The role of sport in promoting business opportunities was one of the topics for conversation at the recent inaugral British Irish Chamber of Commerce Conference held at the Aviva Stadium on 24th & 25th January.
The discussion on culture, tourism and sport was designed to develop two or three initiatives to be brought to government to assist collaboration between those sectors and business. The speakers included former Irish rugby international and Chair of the Ireland Funds, Hugo MacNeill, CEO of Business2Arts, Stuart McLaughlin and musician, film-maker and broadcaster Philip King.
There was general agreement that culture and sport had a key role to play in forging relations between Britian and Ireland. It was recognised that there was a need for more data or information on the role of culture and sport in particular. Research however should focus not just on quantitative information but also qualitative.
The need for a joining of the dots was also highlighted. The positive impact on business of the Navy v Notre Dame rugby match was mentioned but it was felt that there could be more communication around such events so that business was better place to take advantage of the influx of people and sense of occasion created by such events.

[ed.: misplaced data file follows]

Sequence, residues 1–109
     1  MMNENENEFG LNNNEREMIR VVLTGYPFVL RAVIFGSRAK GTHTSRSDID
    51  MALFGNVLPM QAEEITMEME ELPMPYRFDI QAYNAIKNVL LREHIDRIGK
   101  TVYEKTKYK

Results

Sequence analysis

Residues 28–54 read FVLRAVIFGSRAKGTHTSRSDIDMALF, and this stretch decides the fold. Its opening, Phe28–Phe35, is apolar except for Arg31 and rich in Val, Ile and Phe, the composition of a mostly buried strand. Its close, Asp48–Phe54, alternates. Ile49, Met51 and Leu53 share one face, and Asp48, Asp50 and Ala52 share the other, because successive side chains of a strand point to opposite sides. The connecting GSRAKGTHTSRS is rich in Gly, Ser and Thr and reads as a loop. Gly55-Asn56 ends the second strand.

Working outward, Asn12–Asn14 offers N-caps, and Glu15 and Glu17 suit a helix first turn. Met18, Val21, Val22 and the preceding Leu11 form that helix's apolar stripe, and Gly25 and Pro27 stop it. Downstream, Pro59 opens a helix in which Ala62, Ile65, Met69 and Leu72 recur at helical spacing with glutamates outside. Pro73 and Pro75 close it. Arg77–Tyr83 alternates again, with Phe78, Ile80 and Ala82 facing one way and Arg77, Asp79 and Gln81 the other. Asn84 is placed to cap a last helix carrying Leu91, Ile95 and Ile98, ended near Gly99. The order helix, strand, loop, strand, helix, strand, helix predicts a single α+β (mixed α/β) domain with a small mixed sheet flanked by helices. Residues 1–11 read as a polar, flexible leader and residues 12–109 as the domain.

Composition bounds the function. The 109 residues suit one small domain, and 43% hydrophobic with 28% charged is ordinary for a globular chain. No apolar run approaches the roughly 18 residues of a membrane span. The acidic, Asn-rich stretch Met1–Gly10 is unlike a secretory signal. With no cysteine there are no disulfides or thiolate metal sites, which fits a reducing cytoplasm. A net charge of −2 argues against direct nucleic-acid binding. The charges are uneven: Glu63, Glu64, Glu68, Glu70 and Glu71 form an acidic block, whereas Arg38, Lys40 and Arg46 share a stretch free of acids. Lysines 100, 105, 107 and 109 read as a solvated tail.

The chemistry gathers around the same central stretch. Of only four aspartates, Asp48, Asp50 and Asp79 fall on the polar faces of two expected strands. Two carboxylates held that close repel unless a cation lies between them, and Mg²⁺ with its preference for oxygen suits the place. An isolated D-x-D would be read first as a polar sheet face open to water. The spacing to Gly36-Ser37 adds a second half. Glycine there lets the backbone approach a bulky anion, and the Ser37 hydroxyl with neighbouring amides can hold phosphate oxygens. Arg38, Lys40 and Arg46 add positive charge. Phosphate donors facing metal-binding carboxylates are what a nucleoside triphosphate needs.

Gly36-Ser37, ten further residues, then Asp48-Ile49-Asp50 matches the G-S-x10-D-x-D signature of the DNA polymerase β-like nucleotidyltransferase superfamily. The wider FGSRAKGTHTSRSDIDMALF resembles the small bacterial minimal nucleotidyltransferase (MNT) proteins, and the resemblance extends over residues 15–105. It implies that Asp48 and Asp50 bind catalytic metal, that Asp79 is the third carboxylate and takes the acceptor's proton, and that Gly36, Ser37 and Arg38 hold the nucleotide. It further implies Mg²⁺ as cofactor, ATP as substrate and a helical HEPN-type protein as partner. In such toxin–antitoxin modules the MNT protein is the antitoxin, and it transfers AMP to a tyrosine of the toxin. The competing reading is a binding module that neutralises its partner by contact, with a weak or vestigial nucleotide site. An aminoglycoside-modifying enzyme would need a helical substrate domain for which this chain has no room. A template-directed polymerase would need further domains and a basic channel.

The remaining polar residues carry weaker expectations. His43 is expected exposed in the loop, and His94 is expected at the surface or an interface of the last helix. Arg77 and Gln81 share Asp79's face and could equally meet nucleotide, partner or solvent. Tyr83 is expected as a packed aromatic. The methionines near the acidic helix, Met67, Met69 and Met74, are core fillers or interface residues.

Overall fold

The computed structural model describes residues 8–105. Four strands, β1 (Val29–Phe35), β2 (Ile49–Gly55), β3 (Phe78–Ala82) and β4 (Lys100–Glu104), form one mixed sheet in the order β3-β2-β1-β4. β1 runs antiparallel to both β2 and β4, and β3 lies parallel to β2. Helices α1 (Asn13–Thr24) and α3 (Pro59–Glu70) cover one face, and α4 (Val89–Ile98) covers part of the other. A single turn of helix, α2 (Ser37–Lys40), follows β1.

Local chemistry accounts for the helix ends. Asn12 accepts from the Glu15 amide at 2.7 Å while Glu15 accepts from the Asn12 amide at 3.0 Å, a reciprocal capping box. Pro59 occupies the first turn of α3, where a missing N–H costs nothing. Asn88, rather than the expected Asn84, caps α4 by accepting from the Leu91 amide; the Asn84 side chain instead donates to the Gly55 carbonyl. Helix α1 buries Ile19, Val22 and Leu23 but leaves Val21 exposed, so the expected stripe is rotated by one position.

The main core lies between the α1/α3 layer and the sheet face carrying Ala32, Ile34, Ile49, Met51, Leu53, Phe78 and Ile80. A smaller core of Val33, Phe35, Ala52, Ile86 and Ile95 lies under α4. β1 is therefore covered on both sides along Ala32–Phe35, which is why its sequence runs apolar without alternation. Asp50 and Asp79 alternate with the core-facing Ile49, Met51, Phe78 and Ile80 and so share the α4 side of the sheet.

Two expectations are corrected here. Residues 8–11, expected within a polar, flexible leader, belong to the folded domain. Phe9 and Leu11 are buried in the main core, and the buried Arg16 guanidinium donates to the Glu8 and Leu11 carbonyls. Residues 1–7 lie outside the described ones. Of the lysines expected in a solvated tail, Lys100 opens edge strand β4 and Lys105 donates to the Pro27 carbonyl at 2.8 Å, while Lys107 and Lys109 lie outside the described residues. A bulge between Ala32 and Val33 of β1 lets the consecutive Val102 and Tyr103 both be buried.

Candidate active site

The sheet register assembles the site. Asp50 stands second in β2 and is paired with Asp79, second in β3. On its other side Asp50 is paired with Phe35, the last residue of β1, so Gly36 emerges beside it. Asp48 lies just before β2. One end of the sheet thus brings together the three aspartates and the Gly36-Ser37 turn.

The role culture and sport could play in contributing to the development of a shared future between he communities in Northern Ireland was also emphasised. Hugo MacNeil stated that a best in class economy was simply not possible whilst sectarianism was in existence. He felt there was a role for sport and culture in bringing sectarianism to an end mentioning that the highlight of his rugby career was the involvement in the Peace International in Landsdowne Road in 1996.
The British Irish Chamber of Commerce was established in August 2011 with a view to assisting and improving the longstanding commercial and economic relationship between the Islands. The Chamber has a Culture, Tourism & Sport Committee of which Ulster Bank’s Head of Product and Service Sales is Chair. Further information on the British Irish Chamber of Commerce can be found on their website www.britishirishchamber.com